Jason Pender of Joint Development Group, which is building rental units in Kitimat and other northern communities, is nonplussed by the camps.
"Overall estimated workers for any given LNG project are that about 17-20% of the total workforce will not be on camp. So, the question then is who will provide that kind of housing? "he said.
Pender notes that if Malaysia-based Petronas proceeds with its LNG plant in Prince Rupert, it will need housing for 4,000 or so workers total, and at least 700 to 800 will not be living in camps. (However, Petronas is holding a gun to the chest of the BC Government: Give us further tax breaks by the end of this month or we will pull out!)
Major Point: There are a lot more of these camps across the north: but as we have said before, not all the high-paid workers want to live in camps. We see plenty of northeast opportunities for those investing in rental housing.

Toronto Condo Boom Over?

Construction intentions for new condos in Toronto CRASHED in August, Stats Can data showed earlier this week.
Also the number of "starts," according to CMHC - to begin construction on tower units, has similarly dropped to a 5 year low.
Is the Toronto Condo boom over. "It certainly looks that way," said Robert Kavcic, from Bank of Montreal.
Indeed, the number of condo starts in Canada's biggest city has dropped to 16,500 annualized compared to the peak of 40,000 starts underway in the fall of 2012.
Across the board, the number of new homes being built, from condos to semidetached to detached, is trending lower. "Adding it all up, new starts in Toronto now appear to be running below demographic demand," or what the market can comfortably handle, according to Kavcic.
Meanwhile, condo sales are 20 per cent higher last month compared to September of 2013, according Toronto's real estate board.
Emporis GmbH, a German industry noted that Toronto still has about 130 condo towers of various sizes going up around the city and surrounding suburbs the most of any North American city. Those new towers are accommodating 56,000 sold and unsold units, Bank of Montreal estimates.
Finally, notes long time Toronto subscriber Al Dharsee ( ... buyers of new construction condos taking possession now are running into a softer rental market in Toronto as well as difficulty in finalizing mortgages for investor units.
Major Point: Watch it if you are an investor. The market remains foreigner driven. Make offers or stay on sidelines.

Canadians Buy $563m In US Commercial Real Estate - In Just Six Months

In the first half of this year, purchases of U.S. commercial property by Canadians soared 79% from a year earlier to $5.4 billion, with most of the money from institutional investors, such as pension funds and real estate investment trusts, Avison Young reports.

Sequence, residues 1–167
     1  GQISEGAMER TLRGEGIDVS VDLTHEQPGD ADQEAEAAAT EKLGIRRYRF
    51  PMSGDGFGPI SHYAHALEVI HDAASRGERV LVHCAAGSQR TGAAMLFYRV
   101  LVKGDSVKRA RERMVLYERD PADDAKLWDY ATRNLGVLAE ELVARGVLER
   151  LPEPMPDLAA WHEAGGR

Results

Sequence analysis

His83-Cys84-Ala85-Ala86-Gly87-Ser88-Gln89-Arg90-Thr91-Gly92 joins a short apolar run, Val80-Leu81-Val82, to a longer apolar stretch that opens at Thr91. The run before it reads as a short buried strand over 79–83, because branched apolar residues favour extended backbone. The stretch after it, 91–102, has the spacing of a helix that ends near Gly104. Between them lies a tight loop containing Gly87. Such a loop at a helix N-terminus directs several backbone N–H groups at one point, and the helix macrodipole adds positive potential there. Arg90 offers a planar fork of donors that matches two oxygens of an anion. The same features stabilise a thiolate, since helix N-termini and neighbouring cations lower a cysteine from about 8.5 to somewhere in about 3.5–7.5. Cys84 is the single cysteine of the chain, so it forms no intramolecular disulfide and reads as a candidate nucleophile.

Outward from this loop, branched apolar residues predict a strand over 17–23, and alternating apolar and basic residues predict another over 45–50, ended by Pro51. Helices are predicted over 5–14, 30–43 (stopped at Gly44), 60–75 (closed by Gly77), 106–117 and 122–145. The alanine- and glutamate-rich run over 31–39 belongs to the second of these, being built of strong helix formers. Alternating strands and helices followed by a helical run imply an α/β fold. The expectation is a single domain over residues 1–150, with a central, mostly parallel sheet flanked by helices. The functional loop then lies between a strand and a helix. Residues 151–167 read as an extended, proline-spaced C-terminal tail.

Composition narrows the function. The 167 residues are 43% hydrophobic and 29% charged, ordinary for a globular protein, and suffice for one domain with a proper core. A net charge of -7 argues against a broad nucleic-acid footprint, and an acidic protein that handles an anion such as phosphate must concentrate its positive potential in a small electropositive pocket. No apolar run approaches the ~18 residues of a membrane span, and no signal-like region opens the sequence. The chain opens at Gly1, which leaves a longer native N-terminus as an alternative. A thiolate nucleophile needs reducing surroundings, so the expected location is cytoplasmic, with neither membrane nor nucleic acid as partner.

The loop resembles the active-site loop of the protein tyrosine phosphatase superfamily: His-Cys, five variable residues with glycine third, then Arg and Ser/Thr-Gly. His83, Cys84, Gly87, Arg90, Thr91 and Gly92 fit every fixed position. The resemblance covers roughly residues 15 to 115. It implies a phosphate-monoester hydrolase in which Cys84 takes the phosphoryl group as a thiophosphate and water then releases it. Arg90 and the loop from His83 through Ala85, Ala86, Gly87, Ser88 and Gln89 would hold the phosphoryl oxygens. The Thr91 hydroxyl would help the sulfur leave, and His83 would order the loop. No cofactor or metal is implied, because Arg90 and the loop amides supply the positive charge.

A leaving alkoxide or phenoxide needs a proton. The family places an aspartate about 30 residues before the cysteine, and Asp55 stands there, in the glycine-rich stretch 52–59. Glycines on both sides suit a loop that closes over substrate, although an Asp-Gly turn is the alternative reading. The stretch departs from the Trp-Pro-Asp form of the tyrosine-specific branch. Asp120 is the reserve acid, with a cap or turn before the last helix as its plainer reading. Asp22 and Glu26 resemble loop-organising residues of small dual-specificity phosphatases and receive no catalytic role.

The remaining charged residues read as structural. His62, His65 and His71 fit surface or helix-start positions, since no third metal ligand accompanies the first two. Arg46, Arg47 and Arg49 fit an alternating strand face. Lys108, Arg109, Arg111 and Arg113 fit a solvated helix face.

Private Canadian investors, the smaller players, snapped up $801 million worth of U.S. commercial real estate, most of that suspected to be in multi-family properties.
A big draw is prices. In Lynden, Washington - about four miles from the B.C. border - an acre of zoned and serviced commercial land sells for around $300,000 per acre, according to Dick Vandenberg of Lynden Business Park, or about half the price as in suburban Metro Vancouver.
The other lure is capitalization rates. Typical cap rates in U.S. cities are in the 7.5% range and have increased in the past year.
In Vancouver, as a comparison, average capitalization rates are 5.1%, down from 5.3% in 2013 and typical of Canada-wide averages.
Avison Young said the lower prices in the U.S. will continue to attract more Canadians, but cautioned that Canadian commercial real estate prices could soften if and when interest rates start to rise.
"I expect that pricing of Canadian commercial real estate will start to taper off when we eventually see increases in mortgage interest rates, " said Avison Young Principal Bob Levine in Vancouver.
"Premium pricing for properties is being obtained today because of near record low mortgage rates. When rates move up, the positive leverage that can be obtained today by buying and financing property will quickly change to the negative side. Such a move will drive some of the purchasers out of the market unless there is a corresponding reduction in commercial real estate prices."

Saskatchewan Land Prices Are Soaring

Saskatchewan farmland was once about the lowest price land in Canada, but that is changing big time as developers begin to buy up land around Saskatoon and Regina.
We have observed the average price of rural land increase by as much as 150% over the last seven years and land near Saskatoon with highway frontage can now fetch from $10,000 to $20,000 per acre. The City of Saskatoon alone has bought more than 3,700 acres of land for a total value of $44 million. Dream Realty Corp is relatively aggressive in its land acquisitions, amassing more than 2,000 acres for a total of $36 million.